if((pivot_Index + 1) < inputArray.length - 1){
            partition(inputArray.length - 1,(pivot_Index + 1),inputArray.length - 2);   
        }

        if((pivot_Index - 2) >= 1){
            partition((pivot_Index - 1),0,(pivot_Index - 2));   
        }


    }// end of if condition


  } // end of partition funtion



  return inputArray;

} // end of quick sort function

When I run the above code for input

console.log("\nFinal Sorted Array "+quickSort([5,6,1,2,7,8,3]));

the output is

rahul@rahul:~/myPractise/Algo$ node sorting.js 

Pivot Number : 3
input Array : 5,6,1,2,7,8,3
partitioned array : 5,6,1,2,7,8,3

Pivot Number : 5
input Array : 1,2,3,6,7,8,5
partitioned array : 3,6,7,8,5

Pivot Number : 6
input Array : 1,2,3,5,7,8,6
partitioned array : 7,8,6

Pivot Number : 7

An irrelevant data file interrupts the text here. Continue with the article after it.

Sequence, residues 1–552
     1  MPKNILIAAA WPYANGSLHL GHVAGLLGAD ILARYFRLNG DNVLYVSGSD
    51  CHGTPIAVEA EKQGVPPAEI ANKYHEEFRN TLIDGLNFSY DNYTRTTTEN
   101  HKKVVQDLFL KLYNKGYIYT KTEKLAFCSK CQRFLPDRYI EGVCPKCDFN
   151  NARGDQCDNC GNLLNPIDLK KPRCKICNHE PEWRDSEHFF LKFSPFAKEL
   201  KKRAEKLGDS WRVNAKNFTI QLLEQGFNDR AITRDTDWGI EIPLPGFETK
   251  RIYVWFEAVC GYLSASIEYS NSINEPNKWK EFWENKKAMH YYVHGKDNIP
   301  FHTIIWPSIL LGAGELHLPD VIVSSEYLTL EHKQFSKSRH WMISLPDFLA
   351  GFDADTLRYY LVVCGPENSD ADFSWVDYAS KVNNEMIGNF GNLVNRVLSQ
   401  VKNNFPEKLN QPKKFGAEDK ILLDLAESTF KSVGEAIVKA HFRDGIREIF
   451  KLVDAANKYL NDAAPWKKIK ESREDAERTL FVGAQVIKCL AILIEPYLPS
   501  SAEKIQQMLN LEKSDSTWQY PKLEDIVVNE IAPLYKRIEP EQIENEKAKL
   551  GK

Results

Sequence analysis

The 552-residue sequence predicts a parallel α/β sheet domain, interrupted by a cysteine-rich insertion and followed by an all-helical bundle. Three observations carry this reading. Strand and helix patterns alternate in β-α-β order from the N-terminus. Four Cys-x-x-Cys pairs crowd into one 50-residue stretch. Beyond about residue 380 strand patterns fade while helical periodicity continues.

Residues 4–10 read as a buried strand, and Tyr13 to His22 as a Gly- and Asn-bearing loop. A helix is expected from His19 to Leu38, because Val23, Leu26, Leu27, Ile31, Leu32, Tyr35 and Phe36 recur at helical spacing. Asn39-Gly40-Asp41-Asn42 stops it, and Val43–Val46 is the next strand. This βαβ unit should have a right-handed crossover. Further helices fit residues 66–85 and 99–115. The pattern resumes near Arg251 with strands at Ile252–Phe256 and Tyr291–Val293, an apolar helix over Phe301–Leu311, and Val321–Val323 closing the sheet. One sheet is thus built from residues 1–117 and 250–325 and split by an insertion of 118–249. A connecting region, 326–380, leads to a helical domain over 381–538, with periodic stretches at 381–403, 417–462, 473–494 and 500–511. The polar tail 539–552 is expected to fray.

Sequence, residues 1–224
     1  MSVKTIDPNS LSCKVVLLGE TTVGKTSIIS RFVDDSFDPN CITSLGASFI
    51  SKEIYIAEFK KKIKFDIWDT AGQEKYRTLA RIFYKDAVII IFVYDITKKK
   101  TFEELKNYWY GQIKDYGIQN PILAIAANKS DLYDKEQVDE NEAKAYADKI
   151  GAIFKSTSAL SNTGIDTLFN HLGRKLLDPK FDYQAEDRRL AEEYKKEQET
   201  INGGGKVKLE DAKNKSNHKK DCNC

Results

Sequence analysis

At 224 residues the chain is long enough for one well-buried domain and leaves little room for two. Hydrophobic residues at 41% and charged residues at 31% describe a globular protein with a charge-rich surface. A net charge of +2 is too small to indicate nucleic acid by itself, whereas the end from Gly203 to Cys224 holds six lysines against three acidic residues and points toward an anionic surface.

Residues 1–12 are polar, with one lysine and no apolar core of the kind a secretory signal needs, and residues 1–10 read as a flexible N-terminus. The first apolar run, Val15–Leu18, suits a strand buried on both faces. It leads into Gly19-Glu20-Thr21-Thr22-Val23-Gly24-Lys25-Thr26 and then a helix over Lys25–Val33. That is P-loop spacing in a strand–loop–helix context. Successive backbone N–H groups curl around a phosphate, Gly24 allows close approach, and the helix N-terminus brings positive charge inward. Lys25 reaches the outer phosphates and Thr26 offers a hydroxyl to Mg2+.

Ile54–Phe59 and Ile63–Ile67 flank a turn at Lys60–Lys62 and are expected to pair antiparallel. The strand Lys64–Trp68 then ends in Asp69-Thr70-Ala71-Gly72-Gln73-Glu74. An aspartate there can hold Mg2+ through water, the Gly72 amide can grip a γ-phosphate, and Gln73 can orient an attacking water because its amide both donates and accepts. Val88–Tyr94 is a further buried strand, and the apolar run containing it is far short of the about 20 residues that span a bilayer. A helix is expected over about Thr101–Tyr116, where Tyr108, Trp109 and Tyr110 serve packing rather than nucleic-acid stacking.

input Array : 1,2,3,6,5,8,7
partitioned array : 5,8,7

Pivot Number : 5
input Array : 1,2,3,6,5,7,8
partitioned array : 1,2,3,6,5

Pivot Number : 8
input Array : 1,2,3,5,6,7,8
partitioned array : 6,7,8

Pivot Number : 3
input Array : 1,2,3,5,6,7,8
partitioned array : 1,2,3

Pivot Number : 8
input Array : 1,2,3,5,6,7,8
partitioned array : 5,6,7,8

Pivot Number : 3
input Array : 1,2,3,5,6,7,8
partitioned array : 1,2,3

Pivot Number : 8
input Array : 1,2,3,5,6,7,8
partitioned array : 5,6,7,8

Pivot Number : 3
input Array : 1,2,3,5,6,7,8
partitioned array : 1,2,3

Pivot Number : 8
input Array : 1,2,3,5,6,7,8
partitioned array : 5,6,7,8

Final Sorted Array 1,2,3,5,6,7,8
rahul@rahul:~/myPractise/Algo$ 
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  • \$\begingroup\$ it amazes me when you say your "examiner is not satisfied" as per the selection , insertion and now quick sort. \$\endgroup\$ – Siobhan Aug 3 '16 at 8:01
  • \$\begingroup\$ partition() moves the pivot element/value quite a lot, and it looks avoidably complicated. Formatting style issues? Personal taste, IMO. Your examiner seems to like to keep anybody guessing. Does she object to Lomuto partitioning? Doesn't she answer questions like What disqualifies this as an implementation of quicksort? or Do you insist on Hoare partitioning?? \$\endgroup\$ – greybeard Aug 3 '16 at 8:30